Denver, Colorado-based powerful doom metal quartet KHEMMIS has completed their second full-length album, and is preparing the mighty Hunted for Autumn release through 20 Buck Spin.
Using the same team as their lauded debut, Hunted was recorded at Flatline Audio with Dave Otero (Cobalt, Nightbringer, Cephalic Carnage) and features artworkby Sam Turner (3 Inches Of Blood, Black Breath, TRVE Brewing). Huntedis undoubtedly an album that will solidify KHEMMIS’ place at the vanguard of doom’s most notable modern manifestations, in large part because they transcend the label itself. They’ve seamlessly blended their influences into an extraordinarily listenable album worthy of countless spins. With such a glut of music released nowadays, Hunted stands apart, rewarding repeat listens with songs seared straight into the heart.
Hunted comes just over a year after the release of KHEMMIS’ stunning Absolution debut, which caught the doom world by complete surprise, and set the band up as one of the scene’s favorite new artists. The album slowly but surely steamrolled all that came in contact with its unforgettable heaviness and classic melodicism. Virtually unknown outside Denver upon release, the band gathered acclaim over the ensuing months and by year end had landed in the #9 spot on Decibel Magazine’s annual Top 40 Albums Of The Year, not a small accomplishment for a band on its debut album.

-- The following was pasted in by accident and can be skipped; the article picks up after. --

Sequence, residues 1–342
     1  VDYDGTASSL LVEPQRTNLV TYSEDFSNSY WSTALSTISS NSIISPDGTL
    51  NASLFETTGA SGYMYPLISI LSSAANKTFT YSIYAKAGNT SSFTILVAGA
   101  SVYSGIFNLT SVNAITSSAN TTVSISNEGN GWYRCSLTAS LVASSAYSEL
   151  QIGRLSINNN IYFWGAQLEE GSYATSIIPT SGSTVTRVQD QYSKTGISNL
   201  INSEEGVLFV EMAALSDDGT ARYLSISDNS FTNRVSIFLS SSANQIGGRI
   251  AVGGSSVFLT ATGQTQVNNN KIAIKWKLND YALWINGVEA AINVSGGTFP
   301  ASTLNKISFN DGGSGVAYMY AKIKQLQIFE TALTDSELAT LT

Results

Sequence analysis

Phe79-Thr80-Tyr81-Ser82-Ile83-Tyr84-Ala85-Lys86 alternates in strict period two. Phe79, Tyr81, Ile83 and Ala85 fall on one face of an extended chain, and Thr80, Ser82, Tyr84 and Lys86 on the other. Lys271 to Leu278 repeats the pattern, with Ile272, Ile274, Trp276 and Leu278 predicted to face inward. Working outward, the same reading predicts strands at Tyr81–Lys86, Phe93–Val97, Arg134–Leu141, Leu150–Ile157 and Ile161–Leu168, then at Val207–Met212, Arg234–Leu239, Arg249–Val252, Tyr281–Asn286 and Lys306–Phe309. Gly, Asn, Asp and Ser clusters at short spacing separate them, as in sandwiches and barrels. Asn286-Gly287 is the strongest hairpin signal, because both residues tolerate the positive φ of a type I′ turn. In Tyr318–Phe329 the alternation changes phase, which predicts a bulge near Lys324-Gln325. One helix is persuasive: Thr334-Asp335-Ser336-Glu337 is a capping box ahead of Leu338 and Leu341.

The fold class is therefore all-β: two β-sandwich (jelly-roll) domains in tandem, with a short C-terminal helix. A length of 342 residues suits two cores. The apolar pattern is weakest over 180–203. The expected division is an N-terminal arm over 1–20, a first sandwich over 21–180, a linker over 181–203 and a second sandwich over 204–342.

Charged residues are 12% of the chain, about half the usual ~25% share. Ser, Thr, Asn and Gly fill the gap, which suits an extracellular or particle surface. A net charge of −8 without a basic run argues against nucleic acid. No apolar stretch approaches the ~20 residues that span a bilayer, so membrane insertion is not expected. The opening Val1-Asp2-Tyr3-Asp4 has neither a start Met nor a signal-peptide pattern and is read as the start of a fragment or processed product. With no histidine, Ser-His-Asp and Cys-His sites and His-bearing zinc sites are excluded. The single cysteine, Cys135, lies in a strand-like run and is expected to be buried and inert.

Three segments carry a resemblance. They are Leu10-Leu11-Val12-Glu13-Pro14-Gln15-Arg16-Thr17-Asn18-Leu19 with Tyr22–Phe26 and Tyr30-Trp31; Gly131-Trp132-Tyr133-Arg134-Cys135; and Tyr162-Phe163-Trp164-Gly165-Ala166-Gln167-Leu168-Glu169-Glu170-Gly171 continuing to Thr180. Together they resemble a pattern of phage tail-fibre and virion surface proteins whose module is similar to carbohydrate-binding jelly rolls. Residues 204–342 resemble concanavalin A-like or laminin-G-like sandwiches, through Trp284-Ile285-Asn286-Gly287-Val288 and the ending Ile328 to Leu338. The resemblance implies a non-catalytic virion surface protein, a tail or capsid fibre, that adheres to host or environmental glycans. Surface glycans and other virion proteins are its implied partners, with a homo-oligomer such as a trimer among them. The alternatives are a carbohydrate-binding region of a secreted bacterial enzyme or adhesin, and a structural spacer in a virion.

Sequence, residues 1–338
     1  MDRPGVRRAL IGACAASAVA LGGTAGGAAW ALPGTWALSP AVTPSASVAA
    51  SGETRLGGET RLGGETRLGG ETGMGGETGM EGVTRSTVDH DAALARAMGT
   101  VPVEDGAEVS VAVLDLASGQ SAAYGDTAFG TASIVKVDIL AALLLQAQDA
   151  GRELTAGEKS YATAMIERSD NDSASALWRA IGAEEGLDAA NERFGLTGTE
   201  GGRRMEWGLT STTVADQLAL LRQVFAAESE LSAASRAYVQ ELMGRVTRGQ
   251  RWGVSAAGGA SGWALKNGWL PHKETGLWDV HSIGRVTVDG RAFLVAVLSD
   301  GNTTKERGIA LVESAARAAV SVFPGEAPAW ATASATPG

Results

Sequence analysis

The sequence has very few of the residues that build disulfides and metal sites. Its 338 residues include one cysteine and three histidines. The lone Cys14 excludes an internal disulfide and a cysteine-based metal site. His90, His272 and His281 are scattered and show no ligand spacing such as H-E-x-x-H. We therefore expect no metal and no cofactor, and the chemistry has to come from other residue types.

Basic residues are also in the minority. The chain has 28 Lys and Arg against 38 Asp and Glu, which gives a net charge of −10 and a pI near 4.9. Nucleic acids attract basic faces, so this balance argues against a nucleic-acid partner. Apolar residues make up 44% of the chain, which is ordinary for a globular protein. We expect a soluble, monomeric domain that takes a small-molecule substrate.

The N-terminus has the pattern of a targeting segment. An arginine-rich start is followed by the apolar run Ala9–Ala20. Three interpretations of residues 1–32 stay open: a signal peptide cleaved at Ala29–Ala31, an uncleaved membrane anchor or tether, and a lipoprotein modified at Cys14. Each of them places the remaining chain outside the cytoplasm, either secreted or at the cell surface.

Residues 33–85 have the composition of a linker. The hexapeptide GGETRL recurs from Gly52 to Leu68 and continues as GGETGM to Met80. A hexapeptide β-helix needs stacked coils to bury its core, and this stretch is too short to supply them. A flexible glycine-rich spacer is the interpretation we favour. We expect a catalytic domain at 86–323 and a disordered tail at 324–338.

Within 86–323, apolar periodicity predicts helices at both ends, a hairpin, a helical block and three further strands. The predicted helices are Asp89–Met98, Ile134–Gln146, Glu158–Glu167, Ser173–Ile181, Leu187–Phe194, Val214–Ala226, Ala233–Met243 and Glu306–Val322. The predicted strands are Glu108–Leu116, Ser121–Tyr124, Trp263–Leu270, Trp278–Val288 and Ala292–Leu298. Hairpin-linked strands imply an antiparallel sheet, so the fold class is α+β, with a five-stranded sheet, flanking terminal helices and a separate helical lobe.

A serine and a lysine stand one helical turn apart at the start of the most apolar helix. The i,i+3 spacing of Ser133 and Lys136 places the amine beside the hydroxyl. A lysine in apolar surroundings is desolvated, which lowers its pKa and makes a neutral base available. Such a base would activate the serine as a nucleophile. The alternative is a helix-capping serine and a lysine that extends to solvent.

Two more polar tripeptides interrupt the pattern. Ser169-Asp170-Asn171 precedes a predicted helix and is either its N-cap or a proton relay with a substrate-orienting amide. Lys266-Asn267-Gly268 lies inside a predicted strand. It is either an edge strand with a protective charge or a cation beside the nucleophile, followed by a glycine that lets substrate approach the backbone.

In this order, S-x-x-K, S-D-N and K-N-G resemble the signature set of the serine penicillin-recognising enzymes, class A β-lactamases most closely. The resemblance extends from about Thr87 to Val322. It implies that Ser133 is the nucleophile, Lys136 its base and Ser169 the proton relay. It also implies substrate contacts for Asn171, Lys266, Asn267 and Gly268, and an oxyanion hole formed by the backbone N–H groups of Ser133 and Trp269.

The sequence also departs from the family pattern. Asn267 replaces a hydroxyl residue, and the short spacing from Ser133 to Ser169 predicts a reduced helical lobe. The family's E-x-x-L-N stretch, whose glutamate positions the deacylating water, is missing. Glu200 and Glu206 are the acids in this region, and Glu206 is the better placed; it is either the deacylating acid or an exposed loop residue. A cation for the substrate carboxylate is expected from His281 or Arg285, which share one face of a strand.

Now their follow-up album, Hunted, reveals a KHEMMIS fortified in its purpose and vision, forging an unrivaled synthesis between immense doom riffs and ‘Maiden-esque harmony. Overall song length has increased yielding more expansively arranged and dramatic storms of elegance and melancholy. And yet the band’s members are not content to plod through a sea of tears; they are always a rock band first, in service to the movement of the song, even approaching a High On Fire-like pace to open the pummeling “Three Gates.” The lauded singing of vocalist Phil Pendergast reaches ascendant new heights on tracks like “Candlelight” and “Beyond The Door,” while the tasteful use of harsh vocals remains, providing a dark foreboding contrast. The thirteen-minute title track once again closes the album with an epic stunner.